“The relationship between the two men began in January 1963, and was a genuine friendship of affection as well as a relationship of two colleagues working together in political causes. As King encouraged Heschel’s involvement in the Civil Rights movement, Heschel encouraged King to take a public stance against the war in Vietnam. When the Conservative rabbis of America gathered in 1968 to celebrate Heschel’s sixtieth birthday, the keynote speaker they invited was King. Ten days later, when King was assassinated, Heschel was the rabbi Mrs. King invited to speak at his funeral.”  [Susannah Heschel, “God-Talk, Friendship, and Activism”]

Whether it was because of this relationship between the rabbi and the reverend or not, Dr. King got it right with regard to the centrality of Israel in the overall view of things.

“On March 25, 1968, less than two weeks before his tragic death, he [Dr. King] spoke out with clarity and directness stating: ‘peace for Israel means security, and we must stand with all our might to protect its right to exist, its territorial integrity. I see Israel as one of the great outposts of democracy in the world, and a marvelous example of what can be done, how desert land can be transformed into an oasis of brotherhood and democracy. Peace for Israel means security and that security must be a reality.’” [John Lewis, retired U.S. Congressman and personal friend of Dr. King, “King’s Special Bond With Israel”]

Dr. Martin and Rabbi Joshua saw the same vision for each others people; the vision, I submit, that all Christians ought to have for both the black prev.rabbi.lockedarmserson and the Jewish person: that both should be able to live in whatever place they call their homeland in freedom and without condemnation. Perhaps the Christian who deplores Israel has forgotten how “he” did not “love his enemy,” so to speak, during the horrors of the Holocaust in the heart of Christian Europe. Perhaps, then “he” should remember “his” collapse and failure in that instance and not repeat it in this one regarding the right of Israel to exist in its own homeland. It is still Jacob, that is, the Jewish people, who are involved when it comes to the Jewish state. It was not Dr. King’s vision that the “Jew” and “Zionism” were two unrelated entities, as many who demonize the state of Israel try in vain to assert.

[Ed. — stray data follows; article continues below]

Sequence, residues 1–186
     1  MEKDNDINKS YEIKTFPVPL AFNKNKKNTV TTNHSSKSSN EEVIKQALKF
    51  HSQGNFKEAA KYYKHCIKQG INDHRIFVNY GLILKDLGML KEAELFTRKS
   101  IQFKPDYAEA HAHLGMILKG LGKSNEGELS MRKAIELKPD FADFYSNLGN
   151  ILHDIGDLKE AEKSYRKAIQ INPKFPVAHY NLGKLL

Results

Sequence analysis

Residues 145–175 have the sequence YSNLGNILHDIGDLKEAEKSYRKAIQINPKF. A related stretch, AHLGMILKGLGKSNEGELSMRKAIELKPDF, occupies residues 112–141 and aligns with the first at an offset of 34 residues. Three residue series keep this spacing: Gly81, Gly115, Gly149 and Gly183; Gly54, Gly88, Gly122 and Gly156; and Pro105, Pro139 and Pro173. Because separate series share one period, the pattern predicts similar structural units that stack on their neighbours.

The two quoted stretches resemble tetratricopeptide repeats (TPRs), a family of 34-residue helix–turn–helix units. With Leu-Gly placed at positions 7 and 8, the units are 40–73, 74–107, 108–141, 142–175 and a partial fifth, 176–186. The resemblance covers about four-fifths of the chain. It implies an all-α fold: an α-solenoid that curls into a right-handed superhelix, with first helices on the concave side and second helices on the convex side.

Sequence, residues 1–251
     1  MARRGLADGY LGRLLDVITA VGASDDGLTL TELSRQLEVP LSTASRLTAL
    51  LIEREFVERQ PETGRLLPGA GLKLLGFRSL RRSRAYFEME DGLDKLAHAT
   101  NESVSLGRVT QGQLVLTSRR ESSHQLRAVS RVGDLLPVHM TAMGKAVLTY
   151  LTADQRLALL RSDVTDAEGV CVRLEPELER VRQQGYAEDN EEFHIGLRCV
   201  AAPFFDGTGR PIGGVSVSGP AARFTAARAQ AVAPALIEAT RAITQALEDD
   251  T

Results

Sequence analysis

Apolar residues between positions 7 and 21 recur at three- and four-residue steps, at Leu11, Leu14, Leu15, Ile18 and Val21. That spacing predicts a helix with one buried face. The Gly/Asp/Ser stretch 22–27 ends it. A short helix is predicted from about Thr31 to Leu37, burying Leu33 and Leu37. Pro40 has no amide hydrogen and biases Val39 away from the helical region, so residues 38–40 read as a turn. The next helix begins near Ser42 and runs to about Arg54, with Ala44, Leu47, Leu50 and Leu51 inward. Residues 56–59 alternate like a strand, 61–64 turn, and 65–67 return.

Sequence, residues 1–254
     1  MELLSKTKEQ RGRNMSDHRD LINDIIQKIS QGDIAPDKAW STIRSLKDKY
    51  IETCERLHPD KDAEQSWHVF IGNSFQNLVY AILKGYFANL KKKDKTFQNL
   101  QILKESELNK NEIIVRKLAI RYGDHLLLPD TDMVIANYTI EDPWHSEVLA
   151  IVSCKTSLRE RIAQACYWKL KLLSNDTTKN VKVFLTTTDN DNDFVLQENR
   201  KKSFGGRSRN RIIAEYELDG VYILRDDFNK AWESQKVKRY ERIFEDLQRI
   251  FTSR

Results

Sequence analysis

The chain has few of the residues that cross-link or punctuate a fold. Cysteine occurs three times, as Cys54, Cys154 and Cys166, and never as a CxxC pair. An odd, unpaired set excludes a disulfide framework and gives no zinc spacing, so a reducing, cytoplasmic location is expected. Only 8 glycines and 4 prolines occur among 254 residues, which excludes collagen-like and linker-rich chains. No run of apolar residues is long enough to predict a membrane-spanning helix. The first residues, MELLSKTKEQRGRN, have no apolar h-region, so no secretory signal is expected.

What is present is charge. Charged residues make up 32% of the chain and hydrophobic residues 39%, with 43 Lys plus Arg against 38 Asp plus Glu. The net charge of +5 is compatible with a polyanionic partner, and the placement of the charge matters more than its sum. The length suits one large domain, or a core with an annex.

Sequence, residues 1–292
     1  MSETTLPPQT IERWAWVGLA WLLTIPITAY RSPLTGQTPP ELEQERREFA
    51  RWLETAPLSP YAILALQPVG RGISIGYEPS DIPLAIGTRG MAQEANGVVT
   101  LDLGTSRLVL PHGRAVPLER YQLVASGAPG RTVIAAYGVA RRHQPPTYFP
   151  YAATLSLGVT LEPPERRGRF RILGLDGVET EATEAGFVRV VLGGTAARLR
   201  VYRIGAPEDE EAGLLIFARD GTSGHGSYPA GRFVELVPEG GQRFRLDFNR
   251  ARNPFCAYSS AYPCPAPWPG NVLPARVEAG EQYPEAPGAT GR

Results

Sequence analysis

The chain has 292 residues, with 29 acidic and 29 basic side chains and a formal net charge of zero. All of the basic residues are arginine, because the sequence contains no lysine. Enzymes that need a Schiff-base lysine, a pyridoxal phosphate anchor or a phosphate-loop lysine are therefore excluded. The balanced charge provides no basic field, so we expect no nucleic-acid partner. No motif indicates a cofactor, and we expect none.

“When people criticize Zionists they mean Jews, you are talking anti-Semitism.” [Stated at a private dinner in the home of Martin Peretz, Dr. King is said to have addressed his view of Zionism in these direct, human terms; Martin Kramer,]

For two years in a row, I’ve been unable to participate in the Martin Luther King Day walk here in my hometown. For the four years prior to that, my eldest son and I have been regular walkers, “praying with our feet” in honor of Dr. King’s legacy. But, in writing this column, perhaps another statement can be made, this one on behalf of both King’s and Heschel’s common, and ultimate, inspiration: the God of Abraham, Isaac, and Jacob—the God of the Bible.

The reverend and the rabbi shared a similar dream that all men were created equal in the sight of the God of Creation. And, that Israel forever occupies a special place in the heart of God, the God who will bring all of His promises to bear upon His people in His time, in His own way, despite the efforts of those who countermand His promise to gather them back into the land of their inheritance, once and for all.

As we pause to remember and continue to advance the life and work of Martin Luther King, Jr., and as the threat against the Jewish state grows in scope and intensity, may we look up to the same Creator God that both the reverend and the rabbi sought to serve; the God who said of His people, Israel: “I will bless those who bless you… and curse those who curse you.” [Genesis 12:3]